European Commission Asylum, Migration and Integration Fund; streetfootballworld – Football for Unity

UEFA EURO 2020 is the ideal opportunity to educate the European public about the social inclusion of third-country nationals. It is an occasion to celebrate unity in diversity, break down barriers to social inclusion, transform lives and inspire communities. Co-funded by the European Commission’s Asylum, Migration and Integration Fund (AMIF) and coordinated by streetfootballworld, the Football for Unity project will utilise the tournament to promote a positive image of migration.

European Football for Development Network (EFDN) – Welcome through football

Participation in safe and structured activities is vital for the development of young migrants and refugees. Almost all the countries participating in the project have high numbers of refugees concentrated in the inner cities. These young refugees are mostly excluded from society, and participation in sport can be a first step towards social integration.

The project activities are organised into three stages:

1. Socialisation to sports – different football activities are offered for young refugees of both sexes, taking into account any special needs, such as language skills or trauma.

2. Socialisation in sports – the participants work on team structure and are given more responsibility. Participants also have the opportunity to engage in activities outside the sports training sessions.

3. Socialisation through sports – participants focus on the skills they have acquired, with a view to qualifying for further education in and outside of sports.

Timeline

Association history

1900: The German Football Association (DFB) is founded in Leipzig.
1904: The DFB joins FIFA.
1954: The DFB becomes a UEFA member.
1963: The Federal League or Bundesliga, German football's highest club category, is founded, heralding the introduction of professionalism.
1974: West Germany hosts the FIFA World Cup.
1982: The DFB sets up a women’s national team.
1988: The European Championship final round is staged in West Germany.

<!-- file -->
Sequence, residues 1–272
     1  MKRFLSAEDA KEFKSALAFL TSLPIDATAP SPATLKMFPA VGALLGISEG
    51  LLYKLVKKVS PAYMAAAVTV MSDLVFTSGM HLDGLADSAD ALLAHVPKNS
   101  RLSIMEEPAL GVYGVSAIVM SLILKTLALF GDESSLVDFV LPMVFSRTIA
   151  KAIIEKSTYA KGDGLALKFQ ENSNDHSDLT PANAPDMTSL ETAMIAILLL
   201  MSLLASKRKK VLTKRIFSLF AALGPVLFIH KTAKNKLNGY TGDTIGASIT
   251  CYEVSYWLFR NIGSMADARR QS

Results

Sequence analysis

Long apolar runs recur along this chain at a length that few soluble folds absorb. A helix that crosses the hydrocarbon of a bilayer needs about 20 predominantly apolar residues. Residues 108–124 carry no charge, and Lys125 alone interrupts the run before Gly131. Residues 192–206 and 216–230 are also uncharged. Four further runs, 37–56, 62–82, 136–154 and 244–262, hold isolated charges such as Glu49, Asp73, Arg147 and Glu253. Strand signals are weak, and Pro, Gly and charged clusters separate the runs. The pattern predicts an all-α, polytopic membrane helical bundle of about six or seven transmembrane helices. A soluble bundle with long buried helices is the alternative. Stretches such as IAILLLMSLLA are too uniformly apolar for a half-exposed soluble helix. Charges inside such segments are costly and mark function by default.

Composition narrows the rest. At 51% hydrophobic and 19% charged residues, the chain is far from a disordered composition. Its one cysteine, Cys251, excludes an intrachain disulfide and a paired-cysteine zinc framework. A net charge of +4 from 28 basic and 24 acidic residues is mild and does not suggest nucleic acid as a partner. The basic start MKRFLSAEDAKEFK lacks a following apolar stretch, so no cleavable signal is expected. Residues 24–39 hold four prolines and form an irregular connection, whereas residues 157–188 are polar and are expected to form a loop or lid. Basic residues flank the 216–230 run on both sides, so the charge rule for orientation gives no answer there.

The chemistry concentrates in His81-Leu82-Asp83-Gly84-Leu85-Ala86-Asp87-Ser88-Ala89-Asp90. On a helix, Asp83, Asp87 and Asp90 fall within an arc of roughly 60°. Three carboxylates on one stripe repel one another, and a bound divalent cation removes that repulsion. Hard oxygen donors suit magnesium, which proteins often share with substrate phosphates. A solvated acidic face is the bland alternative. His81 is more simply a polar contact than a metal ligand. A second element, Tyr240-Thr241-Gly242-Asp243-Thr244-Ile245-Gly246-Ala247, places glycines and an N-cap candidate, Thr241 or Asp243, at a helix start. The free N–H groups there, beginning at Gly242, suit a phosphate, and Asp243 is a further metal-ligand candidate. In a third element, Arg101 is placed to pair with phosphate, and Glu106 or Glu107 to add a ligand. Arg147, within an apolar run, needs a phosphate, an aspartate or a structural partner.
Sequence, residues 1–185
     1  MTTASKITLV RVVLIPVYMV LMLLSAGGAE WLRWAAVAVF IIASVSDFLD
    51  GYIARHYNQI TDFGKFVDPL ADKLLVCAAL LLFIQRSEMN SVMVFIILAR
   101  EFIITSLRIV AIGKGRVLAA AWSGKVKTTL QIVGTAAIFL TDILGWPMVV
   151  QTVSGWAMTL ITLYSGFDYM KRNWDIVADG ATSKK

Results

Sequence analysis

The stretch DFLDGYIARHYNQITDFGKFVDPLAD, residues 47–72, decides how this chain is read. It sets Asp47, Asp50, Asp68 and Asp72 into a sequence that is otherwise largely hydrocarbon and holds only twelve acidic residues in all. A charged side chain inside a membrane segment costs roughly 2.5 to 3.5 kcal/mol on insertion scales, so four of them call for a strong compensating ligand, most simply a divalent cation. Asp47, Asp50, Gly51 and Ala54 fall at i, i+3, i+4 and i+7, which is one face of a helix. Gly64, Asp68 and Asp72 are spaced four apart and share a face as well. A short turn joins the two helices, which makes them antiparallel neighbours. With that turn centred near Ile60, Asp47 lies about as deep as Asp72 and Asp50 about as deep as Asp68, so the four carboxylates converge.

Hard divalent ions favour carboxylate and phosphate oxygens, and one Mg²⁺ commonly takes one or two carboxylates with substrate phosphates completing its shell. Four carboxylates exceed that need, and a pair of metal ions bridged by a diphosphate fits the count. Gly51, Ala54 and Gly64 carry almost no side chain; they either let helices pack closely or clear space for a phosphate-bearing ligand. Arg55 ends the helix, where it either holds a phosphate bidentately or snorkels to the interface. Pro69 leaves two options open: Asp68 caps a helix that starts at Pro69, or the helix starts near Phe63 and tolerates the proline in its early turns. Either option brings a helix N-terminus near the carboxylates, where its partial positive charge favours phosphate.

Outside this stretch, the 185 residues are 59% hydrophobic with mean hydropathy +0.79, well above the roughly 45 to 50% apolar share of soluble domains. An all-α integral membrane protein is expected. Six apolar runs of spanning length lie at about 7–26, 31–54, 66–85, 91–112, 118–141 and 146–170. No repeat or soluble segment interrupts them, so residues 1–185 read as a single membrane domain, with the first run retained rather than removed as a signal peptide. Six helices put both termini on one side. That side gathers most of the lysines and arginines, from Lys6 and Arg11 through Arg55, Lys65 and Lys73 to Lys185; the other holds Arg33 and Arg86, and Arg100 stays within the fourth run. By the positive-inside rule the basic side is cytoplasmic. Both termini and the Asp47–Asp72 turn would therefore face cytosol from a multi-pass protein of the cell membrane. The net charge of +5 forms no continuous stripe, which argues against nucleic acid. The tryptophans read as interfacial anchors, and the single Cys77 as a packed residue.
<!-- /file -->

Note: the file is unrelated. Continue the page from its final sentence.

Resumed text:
1990: The DFB merges with the German Football Association (DFV) of the German Democratic Republic (East Germany). The DFV had been an independent UEFA member since 1954, with its finest hour coming with Olympic gold in Montreal in 1976 under coach Georg Buschner. The reunification of footballers from east and west takes place in Leipzig, cradle of the DFB.
1990: The women’s Bundesliga is founded.
2000: a league association (Deutsche Fussball-Liga or DFL) is established. For the first time in 100 years of DFB history, professional football has its own independent organisational structure under the DFB umbrella.
2006: the FIFA World Cup is held in Germany
2018: Germany is chosen as the host of UEFA EURO 2024.
2020: Munich hosts four matches at UEFA EURO 2020.

©AFP/Getty Images

National team competitions

1954: West Germany win the FIFA World Cup in Switzerland.
1972: A first European Championship title for West Germany in Belgium.
1974: On home soil, West Germany win their second World Cup.
1980: West Germany capture the European title in Italy.
1982: West Germany’s women’s national team play their first match, against Switzerland.
1990: Germany clinch another World Cup crown in Italy.
1996: Germany win EURO ’96 in England.
2003: Germany’s women’s national team win the FIFA Women’s World Cup.
2007: The women’s team defend their World Cup title.
2014: Another World Cup triumph for the men’s team in Brazil.
2016: Olympic gold for the women’s national team.
Germany’s senior women’s national team have won the European title eight times:
1989, 1991, 1995, 1997, 2001, 2005, 2009 and 2013.

President

Rainer Koch and Peter Peters (first vice-presidents)

General secretary

Heike Ullrich (deputy general secretary)

German Football Association website